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Postby merlyn » Wed Feb 10, 2010 4:54 pm

Slightly off topic, but I've read that the familiar English accent may not have developed until after the American Revolution - as if the English formed it in order to distinguish themselves from those rebellious colonists on the other side of the Atlantic. So it certainly wouldn't have been around in Anglo-Saxon times (aside from the language back then being different).
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Postby Gandalf'sMother » Wed Feb 10, 2010 5:23 pm

merlyn,

Actually, I recently read an article from an Oxford linguist that suggested the accent of Shakespeare's English would likely have been closer to either the Boston, Massachusetts or Brooklyn accent, than the current southern English. There was also a suggestion that the current New England accent is likely far closer to what was spoken in the England of the 1600s than what is spoken in England today. This is due to the "freezing" of the accent in America. In England, the accent changed.

In other words, the American accent is better than the English!

Gungnir said: I can't be held responsible for your apparent inability to comprehend written English. But then being an American, that is understandable.


Fa' cryin' out loud, whoodya think you are, some kinda royalty or sumthin'? I oughtta smack ya around and upside the head! If it wuzn't fer us, you'd be talkin' like a Nazi right now, buddy. How 'bout sum respect, huh?

-GM
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Postby ToshoftheWuffingas » Wed Feb 10, 2010 6:12 pm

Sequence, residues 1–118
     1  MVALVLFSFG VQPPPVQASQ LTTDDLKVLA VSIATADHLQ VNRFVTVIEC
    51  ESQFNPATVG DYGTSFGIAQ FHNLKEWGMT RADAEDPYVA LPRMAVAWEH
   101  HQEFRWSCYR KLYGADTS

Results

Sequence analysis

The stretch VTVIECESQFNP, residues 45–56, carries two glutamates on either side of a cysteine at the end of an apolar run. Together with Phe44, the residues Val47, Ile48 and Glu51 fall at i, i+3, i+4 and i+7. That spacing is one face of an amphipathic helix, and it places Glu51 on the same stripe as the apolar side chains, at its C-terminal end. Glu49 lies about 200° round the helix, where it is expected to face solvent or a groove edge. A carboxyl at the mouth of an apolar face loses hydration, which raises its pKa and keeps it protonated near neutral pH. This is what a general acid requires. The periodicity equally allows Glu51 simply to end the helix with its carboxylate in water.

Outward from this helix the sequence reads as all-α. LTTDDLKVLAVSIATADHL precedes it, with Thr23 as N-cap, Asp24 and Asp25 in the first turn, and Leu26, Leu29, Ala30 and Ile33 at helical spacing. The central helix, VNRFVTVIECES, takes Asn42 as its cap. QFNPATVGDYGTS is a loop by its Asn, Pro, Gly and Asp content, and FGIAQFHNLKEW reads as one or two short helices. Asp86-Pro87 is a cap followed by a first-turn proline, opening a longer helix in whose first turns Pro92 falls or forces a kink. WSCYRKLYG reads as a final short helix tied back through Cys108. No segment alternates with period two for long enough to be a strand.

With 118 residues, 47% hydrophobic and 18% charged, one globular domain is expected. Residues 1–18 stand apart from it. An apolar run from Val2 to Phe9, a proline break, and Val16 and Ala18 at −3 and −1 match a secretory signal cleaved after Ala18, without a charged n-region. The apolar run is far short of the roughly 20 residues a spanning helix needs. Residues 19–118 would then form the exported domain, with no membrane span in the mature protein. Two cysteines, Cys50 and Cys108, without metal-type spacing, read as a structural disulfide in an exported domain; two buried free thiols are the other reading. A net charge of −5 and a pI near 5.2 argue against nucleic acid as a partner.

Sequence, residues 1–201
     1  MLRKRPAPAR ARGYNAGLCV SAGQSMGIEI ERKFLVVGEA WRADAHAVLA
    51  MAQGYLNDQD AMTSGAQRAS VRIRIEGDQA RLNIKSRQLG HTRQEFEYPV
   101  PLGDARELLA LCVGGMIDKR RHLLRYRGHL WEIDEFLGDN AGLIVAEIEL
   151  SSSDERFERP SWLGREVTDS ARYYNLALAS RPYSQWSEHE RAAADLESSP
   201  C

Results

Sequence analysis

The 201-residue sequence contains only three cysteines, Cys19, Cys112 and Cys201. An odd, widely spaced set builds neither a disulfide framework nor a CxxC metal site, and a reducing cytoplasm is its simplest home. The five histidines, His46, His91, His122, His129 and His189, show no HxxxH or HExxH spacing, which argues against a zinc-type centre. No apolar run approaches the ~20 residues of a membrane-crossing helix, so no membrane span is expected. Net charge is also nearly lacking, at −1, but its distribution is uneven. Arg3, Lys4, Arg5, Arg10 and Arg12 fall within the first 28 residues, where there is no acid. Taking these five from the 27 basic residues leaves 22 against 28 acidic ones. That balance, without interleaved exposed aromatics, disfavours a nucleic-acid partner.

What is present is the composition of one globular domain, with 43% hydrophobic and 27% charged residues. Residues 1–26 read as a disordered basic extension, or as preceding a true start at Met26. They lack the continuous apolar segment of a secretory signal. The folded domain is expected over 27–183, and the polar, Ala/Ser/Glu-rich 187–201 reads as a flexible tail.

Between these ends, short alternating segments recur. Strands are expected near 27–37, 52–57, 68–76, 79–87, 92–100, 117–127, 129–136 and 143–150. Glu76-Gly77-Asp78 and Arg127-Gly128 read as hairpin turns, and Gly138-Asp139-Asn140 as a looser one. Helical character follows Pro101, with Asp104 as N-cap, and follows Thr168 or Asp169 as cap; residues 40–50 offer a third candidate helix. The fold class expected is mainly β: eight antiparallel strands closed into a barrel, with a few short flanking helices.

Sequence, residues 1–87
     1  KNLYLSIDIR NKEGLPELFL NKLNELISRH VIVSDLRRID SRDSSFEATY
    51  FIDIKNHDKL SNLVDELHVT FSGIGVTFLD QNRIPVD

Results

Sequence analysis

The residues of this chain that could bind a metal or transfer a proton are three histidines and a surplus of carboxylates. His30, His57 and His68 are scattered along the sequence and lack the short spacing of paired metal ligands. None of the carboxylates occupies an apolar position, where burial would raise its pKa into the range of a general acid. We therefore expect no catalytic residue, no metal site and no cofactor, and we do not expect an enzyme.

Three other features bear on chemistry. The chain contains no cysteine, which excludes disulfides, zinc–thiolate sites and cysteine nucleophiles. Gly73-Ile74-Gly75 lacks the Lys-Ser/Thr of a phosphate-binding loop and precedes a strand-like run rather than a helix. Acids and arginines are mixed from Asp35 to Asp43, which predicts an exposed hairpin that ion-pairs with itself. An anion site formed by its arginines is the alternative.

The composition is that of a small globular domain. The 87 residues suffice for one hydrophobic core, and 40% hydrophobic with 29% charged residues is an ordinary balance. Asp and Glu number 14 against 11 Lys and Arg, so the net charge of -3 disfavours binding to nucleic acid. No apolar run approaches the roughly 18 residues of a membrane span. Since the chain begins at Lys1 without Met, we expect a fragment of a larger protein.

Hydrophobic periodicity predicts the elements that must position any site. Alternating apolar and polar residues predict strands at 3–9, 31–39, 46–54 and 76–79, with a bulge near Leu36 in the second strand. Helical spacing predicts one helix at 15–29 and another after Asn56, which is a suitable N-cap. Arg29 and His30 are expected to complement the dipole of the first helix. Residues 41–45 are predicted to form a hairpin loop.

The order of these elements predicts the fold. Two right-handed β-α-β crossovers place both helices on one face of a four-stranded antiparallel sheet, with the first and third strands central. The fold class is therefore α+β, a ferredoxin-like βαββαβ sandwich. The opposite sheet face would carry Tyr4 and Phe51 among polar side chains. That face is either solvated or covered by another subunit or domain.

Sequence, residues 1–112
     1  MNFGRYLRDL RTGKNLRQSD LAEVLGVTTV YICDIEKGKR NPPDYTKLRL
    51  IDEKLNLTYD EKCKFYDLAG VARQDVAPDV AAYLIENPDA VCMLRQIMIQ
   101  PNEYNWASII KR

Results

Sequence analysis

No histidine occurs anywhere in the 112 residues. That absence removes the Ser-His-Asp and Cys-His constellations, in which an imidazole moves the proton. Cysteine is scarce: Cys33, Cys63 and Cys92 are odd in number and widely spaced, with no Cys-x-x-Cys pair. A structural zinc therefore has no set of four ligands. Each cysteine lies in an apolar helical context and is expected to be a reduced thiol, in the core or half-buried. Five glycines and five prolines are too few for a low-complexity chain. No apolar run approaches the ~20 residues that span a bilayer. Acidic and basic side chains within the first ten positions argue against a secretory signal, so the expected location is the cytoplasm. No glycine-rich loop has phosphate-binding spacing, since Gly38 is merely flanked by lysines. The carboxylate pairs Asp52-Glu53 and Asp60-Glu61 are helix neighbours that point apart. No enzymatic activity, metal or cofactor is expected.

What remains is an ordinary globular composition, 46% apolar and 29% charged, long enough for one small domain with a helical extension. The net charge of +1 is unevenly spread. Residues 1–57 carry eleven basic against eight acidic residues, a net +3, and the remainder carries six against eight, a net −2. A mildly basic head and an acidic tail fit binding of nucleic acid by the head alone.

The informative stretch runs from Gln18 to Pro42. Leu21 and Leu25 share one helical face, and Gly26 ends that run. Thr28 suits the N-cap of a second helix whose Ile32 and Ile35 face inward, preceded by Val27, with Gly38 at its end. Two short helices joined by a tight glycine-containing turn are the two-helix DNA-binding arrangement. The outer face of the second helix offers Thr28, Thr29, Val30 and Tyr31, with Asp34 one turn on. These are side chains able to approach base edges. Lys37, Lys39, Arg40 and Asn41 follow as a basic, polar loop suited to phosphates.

Where is a popcorn eating smiley when you need one?
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Postby Diamond of Long Cleeve » Wed Feb 10, 2010 6:36 pm

:rofl: at Tosh.

Merlyn, there is more than one familiar English accent. 8) There are loads of different ones. 8)

GM, I've listened to the people from Tangier Island on YouTube and there is a definite Cornish twang there. Mixed in with a Southern twist.

btw, I want to know who Celebrendir's Pulitzer prize nominee was. :wink:


Yay for osgiliation!
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Postby Gungnir » Thu Feb 11, 2010 3:58 am

Celebrendir wrote:But be careful challenging me in "the comprehension of written English," for that is my domain: I am a professional writer, novelist and journalist of international standing, instructed for long years by a Pulitzer Prize nominee and poet of high renown.


Congratulations. And it is amazing that you have managed to accomplish this despite your inability to extract the meaning from a simply worded sentence.

Celebrendir wrote:Take heed, Gungnir Wormtongue! For you have impugned my very craft, striking at me where I am strongest: yet I would not loose against you the weapons of that craft in retaliation, for in your ignorance you spoke; and I wish not for strife with any man, even though he be the ally of Saruman.


I did not impugn your craft, simply your mastery of it. If indeed it is where your strength lies I dare not imagine the parlous state of your other skills.